If you are not already operating in an industry and are looking to invest in a new business, chances are that you will do some serious thinking (and analysis) to figure out which industries are attractive in terms of future potential. For that, you may use a framework, possibly Porter’s Five Forces Analysis. The Five Forces Analysis is a framework to analyse the level of competition within an industry and, as is evident from the name, looks at five forces that determine the competitive intensity and, hence, attractiveness of an industry. As a next step, you would choose an industry to set up your business. For this, you may want to do a SWOT analysis (look at your strengths and weaknesses, your opportunities and threats). However, what after that? What next? If you are going about things systematically, you will have to figure out what strategy you would like to follow to build a sustainable and profitable business in the industry that you have chosen to operate in. For that, you would want to consider Porter’s Generic Strategies.
Before we come to the Generic Strategies, let’s look at the airlines industry. Would you like to travel in a no-frills airline like IndiGo or Ryanair or would you prefer an airline like Jet Airways or British Airways that offer full service and a choice of seats (First, Business, Economy)? Would you prefer to shop at Nordstrom (an upscale retailer) or would rather shop at Walmart that guarantees low prices? While your preferences would depend upon a number of factors, what you should note is that the strategies being followed by Ryanair and Walmart are radically different from the ones that Nordstrom and British Airways are following. Deciding the strategy that you would follow with your business would be crucial.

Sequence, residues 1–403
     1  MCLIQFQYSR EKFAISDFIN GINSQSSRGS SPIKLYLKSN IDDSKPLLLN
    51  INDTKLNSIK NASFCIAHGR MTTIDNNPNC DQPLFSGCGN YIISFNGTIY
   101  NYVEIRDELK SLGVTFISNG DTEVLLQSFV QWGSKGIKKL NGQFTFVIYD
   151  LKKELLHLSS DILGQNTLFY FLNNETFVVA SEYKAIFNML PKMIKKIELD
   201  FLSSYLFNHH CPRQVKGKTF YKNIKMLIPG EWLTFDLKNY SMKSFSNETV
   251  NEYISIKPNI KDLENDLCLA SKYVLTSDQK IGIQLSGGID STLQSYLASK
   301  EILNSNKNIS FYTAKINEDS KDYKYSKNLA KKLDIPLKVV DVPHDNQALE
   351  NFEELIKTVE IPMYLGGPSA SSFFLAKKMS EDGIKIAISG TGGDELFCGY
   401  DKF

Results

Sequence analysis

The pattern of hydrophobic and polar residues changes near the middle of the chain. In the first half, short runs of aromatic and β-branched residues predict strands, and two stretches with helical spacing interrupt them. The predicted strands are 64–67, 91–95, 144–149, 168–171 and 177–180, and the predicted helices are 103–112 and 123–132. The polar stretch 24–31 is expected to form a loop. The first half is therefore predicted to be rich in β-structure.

Porter’s Generic Strategies outlines the possible strategies that a business could follow. The strategies are called generic because they are relevant for any type or size of business. The strategies were put forward by Michael Porter, the Harvard business strategy guru, in his 1985 book ‘Competitive Advantage: Creating and Sustaining Superior Performance.’ The generic strategies describe how a company could pursue competitive advantage across its chosen market scope.
Let’s look at the Generic Strategies:
According to Porter, a company’s strength could fall under two headings – lower cost or differentiation. Depending upon whether a company was looking at a narrow target (a small, clearly defined market) or a broad target (industry-wide market), three clear strategies would emerge – cost leadership, differentiation and focus. Focus could be divided into two – Cost Focus and Differentiation Focus. Do note that these terms are confusing – Cost Focus does not mean a ‘focus on costs’; it means that a company goes for cost minimization in a focus market. Similarly, Differentiation Focus does not imply a ‘focus on differentiation’; it means that a company would pursue a differentiation strategy within a focussed market.
Let’s take a closer look at each of the segments:
Cost Leadership Strategy: In this strategy, a company should be able to produce its products at the lowest cost possible; it does not necessarily mean that the company would sell its products at the lowest prices. In fact, a company following the cost leadership strategy could price its products at the average market rate and earn good margins or it could sell at very low prices to gain market share.